I’ve been on all four of Amnesty International’s human rights observer missions to Standing Rock. What I’ve seen there and on video has deeply concerned me. Non-violent Indigenous People opposed to the Dakota Access pipeline have been met with over-militarized policing and excessive, disproportionate and unnecessary military force.
People exercising their human rights to assemble, pray and speak out have been brutally arrested, shot with rubber bullets, drenched in tear gas, and sprayed with water in freezing temperatures. The situation could deteriorate this weekend after the Governor of North Dakota and the Army Corps of Engineers have ordered people to leave the Oceti Sakowin Camp.
Under international law, the government is obligated to respect and facilitate the right to peaceful protest, not treat people as enemies on a battlefield. These abuses must be stopped, the Department of Justice must investigate and the evacuation orders must be rescinded.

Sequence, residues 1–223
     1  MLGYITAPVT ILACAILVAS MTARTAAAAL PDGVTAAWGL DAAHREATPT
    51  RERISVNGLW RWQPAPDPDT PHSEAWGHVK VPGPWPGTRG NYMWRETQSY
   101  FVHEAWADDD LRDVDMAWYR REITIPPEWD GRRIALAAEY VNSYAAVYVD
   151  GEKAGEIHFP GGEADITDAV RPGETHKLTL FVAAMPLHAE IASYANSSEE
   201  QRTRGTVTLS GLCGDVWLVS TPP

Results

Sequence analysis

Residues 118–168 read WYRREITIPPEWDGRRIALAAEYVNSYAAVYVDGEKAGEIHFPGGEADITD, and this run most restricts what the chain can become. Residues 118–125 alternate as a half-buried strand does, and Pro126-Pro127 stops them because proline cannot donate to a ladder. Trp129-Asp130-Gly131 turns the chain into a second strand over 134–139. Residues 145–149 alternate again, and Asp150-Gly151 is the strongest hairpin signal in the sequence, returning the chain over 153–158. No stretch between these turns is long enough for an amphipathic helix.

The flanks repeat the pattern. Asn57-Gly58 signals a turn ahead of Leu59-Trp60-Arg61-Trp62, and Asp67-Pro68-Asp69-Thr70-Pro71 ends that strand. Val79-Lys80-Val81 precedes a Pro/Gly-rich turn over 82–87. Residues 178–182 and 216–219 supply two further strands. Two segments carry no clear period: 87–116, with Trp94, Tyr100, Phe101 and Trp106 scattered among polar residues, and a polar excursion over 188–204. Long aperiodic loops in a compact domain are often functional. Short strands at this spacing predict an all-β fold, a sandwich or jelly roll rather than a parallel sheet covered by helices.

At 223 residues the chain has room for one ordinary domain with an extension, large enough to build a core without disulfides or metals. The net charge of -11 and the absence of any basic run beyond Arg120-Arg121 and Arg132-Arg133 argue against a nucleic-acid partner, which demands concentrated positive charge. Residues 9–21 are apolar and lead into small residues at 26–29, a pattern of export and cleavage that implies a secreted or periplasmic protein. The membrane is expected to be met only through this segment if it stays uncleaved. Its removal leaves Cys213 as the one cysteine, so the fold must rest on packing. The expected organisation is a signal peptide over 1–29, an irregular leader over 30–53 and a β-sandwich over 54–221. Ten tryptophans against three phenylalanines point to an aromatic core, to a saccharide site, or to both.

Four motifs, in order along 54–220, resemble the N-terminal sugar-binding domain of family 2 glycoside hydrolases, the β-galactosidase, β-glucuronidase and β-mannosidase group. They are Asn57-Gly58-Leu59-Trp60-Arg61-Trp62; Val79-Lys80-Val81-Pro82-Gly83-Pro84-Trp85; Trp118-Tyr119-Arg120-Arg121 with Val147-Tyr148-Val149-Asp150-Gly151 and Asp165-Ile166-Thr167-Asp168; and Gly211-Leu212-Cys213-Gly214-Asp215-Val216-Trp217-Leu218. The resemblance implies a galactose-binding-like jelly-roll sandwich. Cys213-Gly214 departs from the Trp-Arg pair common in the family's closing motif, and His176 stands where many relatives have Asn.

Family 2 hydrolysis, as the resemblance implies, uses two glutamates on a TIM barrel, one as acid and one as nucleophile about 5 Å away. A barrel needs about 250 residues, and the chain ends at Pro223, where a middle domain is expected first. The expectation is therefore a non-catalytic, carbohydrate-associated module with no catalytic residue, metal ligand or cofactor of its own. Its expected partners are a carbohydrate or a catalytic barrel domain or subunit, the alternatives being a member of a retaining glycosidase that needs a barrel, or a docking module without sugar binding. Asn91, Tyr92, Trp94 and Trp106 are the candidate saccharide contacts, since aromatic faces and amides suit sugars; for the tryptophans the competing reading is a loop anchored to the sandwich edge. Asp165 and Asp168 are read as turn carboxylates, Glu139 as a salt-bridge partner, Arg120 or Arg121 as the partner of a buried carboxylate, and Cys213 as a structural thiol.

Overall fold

But that’s not all human rights require. Under international law and human rights standards, governments are obligated to seek the free, prior and informed consent of Indigenous Peoples before approval of major infrastructure projects, including pipelines, that carry a risk of harm to their human rights.
The US government has failed the Standing Rock Sioux Tribe on the requirement to seek their free, prior and informed consent and therefore Amnesty International USA’s Board of Directors sent a letter to President Obama today urging him to halt the Dakota Access Pipeline.
You can email your own letter to the President in support, here.
The Army Corps of Engineers should conduct an Environmental Impact Statement, including consultation with the Standing Rock Sioux Tribe about the environmental and cultural impacts of the pipeline. The government must also seek their free, prior and informed consent before ever moving forward with construction regardless of the outcome of the Environmental Impact Statement.
Until then, President Obama must ensure that construction fully stops, that no drilling under the Missouri River takes place and that the rights of Indigenous People are respected, protected and fulfilled.